# Flashforge Adventurer 3 Filament feeder loud thumping noise, not enough filament extruded

My Flashforge Adventurer 3 is not printing properly. Filament feeder makes repetitive loud thumping noise and not enough filament is extruded. Resulting print (if completed) is not solid.

Results vary with filament. Flashforge brand (red) PLA works best. Any other filament fails completely unless I print at High quality, with head temperature at 235 degrees. Nozzle has been un-clogged repeatedly, but right from the start, when feeding filament in, it does not flow through properly.

I had used the included tool to clear blockages in the extruder several times before now, but after posting this question I tried again. Ordinary use of the tool made no difference. So I applied more force, and, pushed filament through by hand directly into the extruder and used a pin to try to clear the extruder. It now appears to be working adequately Not perfectly. I am able to print with default settings. It still thumps -or ticks- a bit. I am alarmed at the amount of force I had to use to clear the extruder blockage.

• Welcome to 3dPrinting.SE! Dec 17 '18 at 21:45
• Possible duplicate of Extruder clicks and Extruder clicking Tronxy x5s.
– 0scar
Dec 17 '18 at 22:45
• Wait, you print PLA at 235°C?! That is ridiculously high for PLA. Jan 25 '20 at 5:00
• Had same issue, did a color transfer with same reel but cut off the filament that was in the printer, worked fine after that. May 13 '20 at 20:35

My Flashforge Adventurer 3 showed similar symptoms at the start of a print. I found that the z-axis was out of calibration, causing the print head to touch the platform, meaning that the filament could not extrude. The solution was to calibrate by slipping a piece of paper under the extruder and adjusting the z-offset until it was just touching. Worked fine after that. Hope this helps.

• This has also solved my "thumping" issue in the past as well. I use a thin piece of packaging tissue for it. Jul 12 at 5:02

Advice from another source suggested thoroughly cleaning the feed gear on the bowden extruder. When I looked closely there were plastic flakes all over the mechanism. I used compressed air and a brush to clean it. I also discovered expert mode in the FlashPrint software, which enabled me to slow down the speed at which fill is laid down. Now I have good printing results with any filament.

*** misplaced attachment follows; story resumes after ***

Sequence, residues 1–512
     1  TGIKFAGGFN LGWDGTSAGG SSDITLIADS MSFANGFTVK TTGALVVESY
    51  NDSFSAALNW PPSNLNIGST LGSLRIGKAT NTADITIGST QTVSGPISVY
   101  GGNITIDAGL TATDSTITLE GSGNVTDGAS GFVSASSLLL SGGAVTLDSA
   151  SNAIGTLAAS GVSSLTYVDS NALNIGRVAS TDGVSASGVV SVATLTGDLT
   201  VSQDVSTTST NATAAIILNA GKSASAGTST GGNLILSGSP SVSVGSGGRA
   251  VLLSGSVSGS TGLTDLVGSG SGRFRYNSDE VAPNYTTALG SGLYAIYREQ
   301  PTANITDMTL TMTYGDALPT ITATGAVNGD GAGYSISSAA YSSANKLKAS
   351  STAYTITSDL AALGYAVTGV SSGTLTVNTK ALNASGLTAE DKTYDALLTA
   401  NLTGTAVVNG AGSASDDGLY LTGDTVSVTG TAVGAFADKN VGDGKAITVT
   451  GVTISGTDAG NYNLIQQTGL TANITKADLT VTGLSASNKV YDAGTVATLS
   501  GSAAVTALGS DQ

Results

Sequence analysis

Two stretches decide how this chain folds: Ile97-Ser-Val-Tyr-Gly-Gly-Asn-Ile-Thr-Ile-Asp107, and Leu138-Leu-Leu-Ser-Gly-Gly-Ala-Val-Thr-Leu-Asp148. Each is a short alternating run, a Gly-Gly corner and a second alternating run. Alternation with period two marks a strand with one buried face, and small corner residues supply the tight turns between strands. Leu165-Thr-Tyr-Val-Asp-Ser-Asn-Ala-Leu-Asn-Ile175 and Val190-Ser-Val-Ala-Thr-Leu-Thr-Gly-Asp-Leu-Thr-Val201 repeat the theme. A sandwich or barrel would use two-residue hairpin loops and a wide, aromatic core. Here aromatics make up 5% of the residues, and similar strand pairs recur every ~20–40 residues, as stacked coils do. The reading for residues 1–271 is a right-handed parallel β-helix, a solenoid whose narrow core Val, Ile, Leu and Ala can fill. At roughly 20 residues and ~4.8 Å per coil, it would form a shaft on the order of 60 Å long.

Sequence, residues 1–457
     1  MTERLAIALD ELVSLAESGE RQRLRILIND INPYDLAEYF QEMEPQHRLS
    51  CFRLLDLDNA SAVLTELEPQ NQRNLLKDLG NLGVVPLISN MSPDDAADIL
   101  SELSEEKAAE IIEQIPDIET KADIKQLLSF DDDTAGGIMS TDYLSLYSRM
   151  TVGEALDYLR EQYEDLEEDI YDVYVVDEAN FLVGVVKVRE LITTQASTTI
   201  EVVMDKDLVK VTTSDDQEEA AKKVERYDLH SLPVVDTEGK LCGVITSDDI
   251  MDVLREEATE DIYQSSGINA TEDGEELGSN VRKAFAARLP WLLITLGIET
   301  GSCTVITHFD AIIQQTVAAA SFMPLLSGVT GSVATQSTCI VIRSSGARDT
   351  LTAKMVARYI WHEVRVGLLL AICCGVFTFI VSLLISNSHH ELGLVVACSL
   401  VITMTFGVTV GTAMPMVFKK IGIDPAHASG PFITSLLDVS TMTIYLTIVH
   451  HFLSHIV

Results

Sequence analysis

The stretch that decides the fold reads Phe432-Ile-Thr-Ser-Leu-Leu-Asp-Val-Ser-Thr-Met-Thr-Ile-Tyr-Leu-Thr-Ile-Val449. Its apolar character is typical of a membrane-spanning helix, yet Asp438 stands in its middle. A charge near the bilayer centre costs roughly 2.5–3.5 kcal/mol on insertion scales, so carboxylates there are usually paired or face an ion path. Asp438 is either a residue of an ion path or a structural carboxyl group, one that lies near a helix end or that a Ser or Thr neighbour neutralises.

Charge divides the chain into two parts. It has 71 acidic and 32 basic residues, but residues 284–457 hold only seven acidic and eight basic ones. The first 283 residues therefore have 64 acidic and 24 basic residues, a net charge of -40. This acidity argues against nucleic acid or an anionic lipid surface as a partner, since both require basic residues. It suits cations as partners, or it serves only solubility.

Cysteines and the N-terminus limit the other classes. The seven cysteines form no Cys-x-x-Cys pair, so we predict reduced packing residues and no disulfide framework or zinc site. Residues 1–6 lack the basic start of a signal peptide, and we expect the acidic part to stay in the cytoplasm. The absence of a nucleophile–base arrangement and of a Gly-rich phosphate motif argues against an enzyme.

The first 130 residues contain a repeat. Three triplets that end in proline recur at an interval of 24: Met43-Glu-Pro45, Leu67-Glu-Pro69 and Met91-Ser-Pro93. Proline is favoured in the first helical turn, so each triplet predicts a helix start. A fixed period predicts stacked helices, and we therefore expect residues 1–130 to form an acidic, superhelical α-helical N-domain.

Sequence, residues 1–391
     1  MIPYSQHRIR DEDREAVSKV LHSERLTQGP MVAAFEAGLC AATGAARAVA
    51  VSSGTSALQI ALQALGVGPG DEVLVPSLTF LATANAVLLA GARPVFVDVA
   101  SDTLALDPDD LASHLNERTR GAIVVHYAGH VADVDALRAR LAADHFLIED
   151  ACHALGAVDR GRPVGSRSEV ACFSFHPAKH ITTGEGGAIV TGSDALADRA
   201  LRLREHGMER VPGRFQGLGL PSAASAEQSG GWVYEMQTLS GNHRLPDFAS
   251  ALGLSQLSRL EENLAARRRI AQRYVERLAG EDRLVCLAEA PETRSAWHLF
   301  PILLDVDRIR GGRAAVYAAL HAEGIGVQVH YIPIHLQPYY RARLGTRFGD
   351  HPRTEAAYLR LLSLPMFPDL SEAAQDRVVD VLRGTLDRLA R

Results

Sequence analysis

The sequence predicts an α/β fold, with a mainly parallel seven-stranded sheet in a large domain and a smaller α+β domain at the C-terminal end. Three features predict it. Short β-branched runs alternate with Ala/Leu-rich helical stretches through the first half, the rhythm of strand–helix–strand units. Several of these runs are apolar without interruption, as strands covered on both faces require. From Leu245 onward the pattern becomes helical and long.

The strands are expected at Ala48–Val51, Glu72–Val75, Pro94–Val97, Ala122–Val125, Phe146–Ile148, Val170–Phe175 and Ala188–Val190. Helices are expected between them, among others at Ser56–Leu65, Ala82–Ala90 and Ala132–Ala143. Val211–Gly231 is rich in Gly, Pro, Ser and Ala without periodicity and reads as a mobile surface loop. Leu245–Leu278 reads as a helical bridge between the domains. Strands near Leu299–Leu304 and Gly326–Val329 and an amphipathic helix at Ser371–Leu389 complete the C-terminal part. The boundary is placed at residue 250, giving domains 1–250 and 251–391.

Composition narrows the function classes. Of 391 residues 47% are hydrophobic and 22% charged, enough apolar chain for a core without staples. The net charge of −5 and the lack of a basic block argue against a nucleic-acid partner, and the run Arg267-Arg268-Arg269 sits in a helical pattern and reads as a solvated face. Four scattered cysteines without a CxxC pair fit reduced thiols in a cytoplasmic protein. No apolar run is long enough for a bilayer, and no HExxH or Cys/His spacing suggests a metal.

EDIT AND UPDATE:: I have continued to have problems with PLA. For most of the last year I printed using ABS with no similar problems. I guess that PLA is simply rougher, scratchier than ABS and catches in the tube. I found a comment that putting olive oil on the filament fixes it. I used Vaseline. Things were fine for a while, but a retailer said this would lead to other problems.

So far, no permanent answer to this question.

– 0scar
Jan 27 '20 at 17:45
• @0skar Thanks, but in fact my answer to my own question turns out not to be complete. I have since worked out that PLA filament is rougher than ABS and seems to catch in the tube. I have printed with ABS with no similar problems for most of the last year. I found some advice suggesting to put olive oil on the filament. I did not do this, but I did use a bit of vaseline. I was then advised this was not a proper way to deal with the issue. So the question doesn't have a suitable resolution. However, I will close the question. Jan 28 '20 at 19:26

After a couple of hundred hours of successful (mostly) prints, I heard weird thumping of the feeder and though it fed filament it would not extract it completely for a color change. Tried a number of tricks to fix that without success. Then I read here about just using compressed air to clean the wheels and the feed channel. Voila! Success. Maybe that won't solve it the next time but it cleared this problem.

I had this problem and thought I'd put my solution here.

The nozzle (at least my nozzle) is not actually an 0.4 mm nozzle. You can tell just by comparing it side by side to another one. Mine seems to be a 0.3 mm nozzle, despite being sold as 0.4 mm.